User experience design is more user-focused in a sense that it is meant to create a better experience for users. However, user-experience (UX) and user-centered design (UCD) are two separate things almost entirely though they both point in the direction of the user. In the article Looking Beyond User-Centered Design by Cennydd Bowles, he mentions “UX is the discipline: what we do. Precise definition is elusive, but most attempts focus on experience as an explicit design objective. User-centered design is a process: how we do it… UCD is the dominant design approach within UX, so pervasive that some UX designers behold it as the Platonic ideal of design.” In relation to traditional Web design, user experience design essentially involves invisible aspects that have nothing to do with designing a website. Of course they counteract, but in most cases experiences are made not designed. Why is each important? When you can get in the heads of your users and learn how, or why they use certain platforms, you have the ability to produce a pleasant experience in return. This is why user experience is important, because it breaks down the psychology of how users interpret and absorb information on the screen. Therefor, user experience is all about the qualities that make us human, a satisfied one, at that.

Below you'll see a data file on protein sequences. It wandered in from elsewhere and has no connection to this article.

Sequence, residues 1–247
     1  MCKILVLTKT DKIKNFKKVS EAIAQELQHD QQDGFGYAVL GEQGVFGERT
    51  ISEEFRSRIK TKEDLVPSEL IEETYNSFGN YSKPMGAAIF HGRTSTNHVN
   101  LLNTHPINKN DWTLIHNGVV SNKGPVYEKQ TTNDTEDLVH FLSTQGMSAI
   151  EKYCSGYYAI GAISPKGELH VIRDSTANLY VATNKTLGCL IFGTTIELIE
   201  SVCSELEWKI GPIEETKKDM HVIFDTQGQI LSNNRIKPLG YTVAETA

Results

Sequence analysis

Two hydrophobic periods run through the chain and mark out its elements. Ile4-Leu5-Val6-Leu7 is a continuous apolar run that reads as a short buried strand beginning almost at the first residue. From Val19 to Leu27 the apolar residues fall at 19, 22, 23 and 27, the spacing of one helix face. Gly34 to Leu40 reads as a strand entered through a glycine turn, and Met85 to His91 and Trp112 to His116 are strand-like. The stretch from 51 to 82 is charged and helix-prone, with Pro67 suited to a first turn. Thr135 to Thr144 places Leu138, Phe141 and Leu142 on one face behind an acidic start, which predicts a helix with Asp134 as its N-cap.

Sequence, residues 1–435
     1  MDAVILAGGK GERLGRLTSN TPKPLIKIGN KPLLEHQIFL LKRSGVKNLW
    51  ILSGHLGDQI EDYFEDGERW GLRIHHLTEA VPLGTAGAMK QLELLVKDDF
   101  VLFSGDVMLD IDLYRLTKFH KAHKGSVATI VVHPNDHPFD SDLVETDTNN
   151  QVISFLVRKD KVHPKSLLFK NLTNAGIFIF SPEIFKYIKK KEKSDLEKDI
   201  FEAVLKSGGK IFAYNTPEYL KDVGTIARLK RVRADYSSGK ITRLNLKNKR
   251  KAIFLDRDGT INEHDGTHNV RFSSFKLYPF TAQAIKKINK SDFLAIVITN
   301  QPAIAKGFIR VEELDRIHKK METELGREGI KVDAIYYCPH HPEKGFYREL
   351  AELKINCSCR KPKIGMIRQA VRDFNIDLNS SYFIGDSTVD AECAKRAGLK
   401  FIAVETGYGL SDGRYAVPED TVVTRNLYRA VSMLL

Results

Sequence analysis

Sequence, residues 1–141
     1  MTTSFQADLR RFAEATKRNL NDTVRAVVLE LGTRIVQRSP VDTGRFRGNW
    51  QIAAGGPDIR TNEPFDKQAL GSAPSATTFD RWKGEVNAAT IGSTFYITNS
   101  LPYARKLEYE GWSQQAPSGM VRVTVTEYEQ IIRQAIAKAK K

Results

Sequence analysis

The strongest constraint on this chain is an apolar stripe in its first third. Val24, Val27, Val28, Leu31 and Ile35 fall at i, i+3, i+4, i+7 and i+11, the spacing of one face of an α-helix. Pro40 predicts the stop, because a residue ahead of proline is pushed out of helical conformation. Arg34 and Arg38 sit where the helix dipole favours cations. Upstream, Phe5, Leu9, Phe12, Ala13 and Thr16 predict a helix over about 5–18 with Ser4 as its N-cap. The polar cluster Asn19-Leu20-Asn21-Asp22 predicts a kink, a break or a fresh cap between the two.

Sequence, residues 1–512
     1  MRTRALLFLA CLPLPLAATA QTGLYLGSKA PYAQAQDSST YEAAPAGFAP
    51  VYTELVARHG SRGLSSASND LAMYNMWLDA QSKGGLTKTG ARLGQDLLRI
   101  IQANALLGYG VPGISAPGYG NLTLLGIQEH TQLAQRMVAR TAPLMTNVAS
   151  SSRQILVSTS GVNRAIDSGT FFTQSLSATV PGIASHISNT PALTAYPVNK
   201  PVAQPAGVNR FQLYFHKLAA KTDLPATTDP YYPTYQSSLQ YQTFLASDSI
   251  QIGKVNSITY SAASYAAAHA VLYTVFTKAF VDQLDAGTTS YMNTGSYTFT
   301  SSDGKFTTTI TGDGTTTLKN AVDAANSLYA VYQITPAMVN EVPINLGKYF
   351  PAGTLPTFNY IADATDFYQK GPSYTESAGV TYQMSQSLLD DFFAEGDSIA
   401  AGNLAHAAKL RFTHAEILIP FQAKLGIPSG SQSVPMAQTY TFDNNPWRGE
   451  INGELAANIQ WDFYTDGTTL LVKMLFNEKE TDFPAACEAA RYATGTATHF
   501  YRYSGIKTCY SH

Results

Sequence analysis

In the article Why User Experience Cannot Be Designed by Helge Friedheim, he states “We can design the product or service, and we can have a certain kind of user in mind when we design it. However, there is no guarantee that our product will be appreciated the way we want it to be.” This why keeping the psychology of the user in mind can benefit some users but not all of them, because UX evolves over time and the situation can always shape the experience. Traditional Web design is still a vital aspect in the telecommunication market, after all its where most designers begin when dealing with a business. This is probably because it has a huge impact on inbound marketing and sales. The only issue is the time it can take with traditional Web design to generate such impacts. However, when integrated with UX design, you will have a website that is up to date and responsive on any device. Ultimately, you no longer have to second-guess what visitors want to see and how they’re going to interact with the website for the next 2-3 years